Monday, March 10, 2014
By Michael Perry
Special To The Telegram
Pretty soon the skis will be out and the canoe hidden under a blanket of snow in the backyard. But not quite yet. Some of the best paddling of the year can occur in November if you hit the weather just right.
Beautiful views are around every bend when paddling your way through Chewonki Neck in Wiscasset.
Michael Perry photo
A nice place to enjoy the last vestiges of fall color is Chewonki Neck in Wiscasset. The neck forms part of the western shoreline of the Back River and juts out into Montsweag Bay just west of Westport Island. And if you want to see bald eagles any time of year, this is the place.
You can access the neck from two boat launch sites on opposite sides of the Back River, each a mile south of the Route 144 bridge leading over onto Westport Island. Consult the DeLorme Maine Atlas and Gazetteer (map #7).
Following along the western shore of the Back River you will paddle by remnant buildings and utility towers of the former Maine Yankee. The steep banking is covered with oak and beech, providing dazzling yellows and browns against a blue sky. A few late-season sandpipers fly along the shore ahead of us. After two miles of exploring you will veer more westerly across the mouths of two long, narrow coves. These two coves each stretch northward for a mile and offer secluded paddling. We pass by these options and continue on for the third cove, just to the west of Chewonki Neck and north of Oak Island.
At the tip of Chewonki Neck, a big cut in the rock has created a magnificent rectangular cove that you can paddle 40 yards back into.
With walls rising above you 20 feet and evergreens leaning out over the water, you are hidden from the world in the shadowy darkness while gazing out into the brilliant light of the open bay.
We head north up toward the bay bordering the western side of Chewonki Neck. A small island marks the narrow opening into the bay.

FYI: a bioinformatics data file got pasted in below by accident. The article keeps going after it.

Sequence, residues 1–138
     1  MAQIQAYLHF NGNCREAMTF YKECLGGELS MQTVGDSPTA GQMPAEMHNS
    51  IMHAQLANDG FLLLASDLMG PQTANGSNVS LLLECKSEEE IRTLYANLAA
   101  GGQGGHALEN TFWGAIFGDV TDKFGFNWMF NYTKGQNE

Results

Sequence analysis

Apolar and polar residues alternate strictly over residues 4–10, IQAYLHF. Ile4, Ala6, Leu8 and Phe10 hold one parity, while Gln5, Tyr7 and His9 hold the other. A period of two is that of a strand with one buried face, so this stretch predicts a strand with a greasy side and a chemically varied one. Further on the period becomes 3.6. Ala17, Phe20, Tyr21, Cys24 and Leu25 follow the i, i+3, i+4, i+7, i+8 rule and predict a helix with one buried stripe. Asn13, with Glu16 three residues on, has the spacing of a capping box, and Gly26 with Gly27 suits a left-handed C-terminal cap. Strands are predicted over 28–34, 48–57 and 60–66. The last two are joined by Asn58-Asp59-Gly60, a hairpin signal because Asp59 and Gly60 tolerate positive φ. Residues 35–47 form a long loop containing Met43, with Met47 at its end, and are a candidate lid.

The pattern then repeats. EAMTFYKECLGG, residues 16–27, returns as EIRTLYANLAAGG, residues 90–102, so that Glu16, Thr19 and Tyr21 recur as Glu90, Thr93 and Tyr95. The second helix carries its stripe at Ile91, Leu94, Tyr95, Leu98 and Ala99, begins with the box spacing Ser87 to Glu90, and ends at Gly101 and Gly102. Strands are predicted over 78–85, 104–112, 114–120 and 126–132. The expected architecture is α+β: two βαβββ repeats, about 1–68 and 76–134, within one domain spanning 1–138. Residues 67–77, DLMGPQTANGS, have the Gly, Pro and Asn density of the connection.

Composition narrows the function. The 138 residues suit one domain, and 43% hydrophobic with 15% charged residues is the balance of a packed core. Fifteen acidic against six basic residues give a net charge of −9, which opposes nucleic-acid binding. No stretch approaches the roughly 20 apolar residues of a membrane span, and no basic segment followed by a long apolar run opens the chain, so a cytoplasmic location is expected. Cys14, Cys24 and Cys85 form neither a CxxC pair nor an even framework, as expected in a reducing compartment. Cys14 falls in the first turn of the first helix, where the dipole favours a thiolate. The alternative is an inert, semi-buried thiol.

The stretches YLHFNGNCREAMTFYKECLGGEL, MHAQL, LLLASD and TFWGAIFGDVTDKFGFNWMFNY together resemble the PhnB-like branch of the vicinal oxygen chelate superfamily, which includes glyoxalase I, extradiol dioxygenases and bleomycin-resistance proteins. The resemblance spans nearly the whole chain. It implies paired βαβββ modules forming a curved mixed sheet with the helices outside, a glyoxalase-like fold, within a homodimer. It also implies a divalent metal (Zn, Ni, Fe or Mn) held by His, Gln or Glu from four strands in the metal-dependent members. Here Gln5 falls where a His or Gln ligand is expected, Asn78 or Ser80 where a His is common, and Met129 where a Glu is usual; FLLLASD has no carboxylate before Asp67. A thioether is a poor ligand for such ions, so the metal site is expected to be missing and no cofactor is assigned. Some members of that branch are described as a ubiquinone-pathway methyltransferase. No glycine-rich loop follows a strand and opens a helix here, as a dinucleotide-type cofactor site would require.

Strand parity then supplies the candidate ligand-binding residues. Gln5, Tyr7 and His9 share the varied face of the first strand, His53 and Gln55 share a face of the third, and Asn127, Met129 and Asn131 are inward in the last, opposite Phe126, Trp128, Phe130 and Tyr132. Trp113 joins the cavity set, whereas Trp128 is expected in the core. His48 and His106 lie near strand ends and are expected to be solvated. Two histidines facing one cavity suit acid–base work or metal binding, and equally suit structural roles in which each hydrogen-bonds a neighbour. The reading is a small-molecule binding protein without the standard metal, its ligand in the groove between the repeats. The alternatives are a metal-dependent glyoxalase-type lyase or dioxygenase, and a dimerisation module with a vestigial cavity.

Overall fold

Passing by the waterfront facility of the Chewonki Foundation, we paddle out into a broad marsh lined by golden brown grasses. Many fingers of water stretch out into the grasses, making for an endless variety of exploring at high tide. To the north, mown fields and lawns still radiate an emerald green. Some of those fields are part of Chewonki Campground, now closed for the season.
We paddle under the Maine Eastern Railroad tracks through an impressive oval tunnel (check out the echo in the tunnel) and gain access into a smaller marsh leading up to Route 1 and a green sign marking the border of Lincoln County.
A bald eagle, with a sudden rush of wings, springs up from the brush on our left. A blue heron then circles the cove and heads up to a perch in the trees. Two cormorants stand precariously on the branch ends of a snag in the middle of the stream.
The 4-foot high waterfall tumbling under the Route 1 bridge ends our upstream exploration. Curious about where we were relative to Route 1, we scramble up the steep, brush-choked banking to check things out. A hundred yards away stands the Montsweag Roadhouse. Too bad we left our money back in the car – we would have to stick with our peanut butter and jelly sandwiches.
It’s time to start the 5-mile paddle back to the boat launch on Westport Island. This is where consulting the weather forecast beforehand is important. Plan this outing for a calm day. You should not be paddling out in the open waters of the Back River if the forecast calls for southerly winds. The convoluted land masses help accelerate any southerly winds, and the resultant chop coupled with a midtide river current can make paddling an open canoe difficult. Light winds from the northwest or west are preferable. Paddlers should be experienced in paddling in moving water.
Michael Perry is the former director of the L.L. Bean Outdoor Discovery Schools, and founder of Dreams Unlimited, specializing in inspiring outdoor slide programs for civic groups, businesses, and email@example.com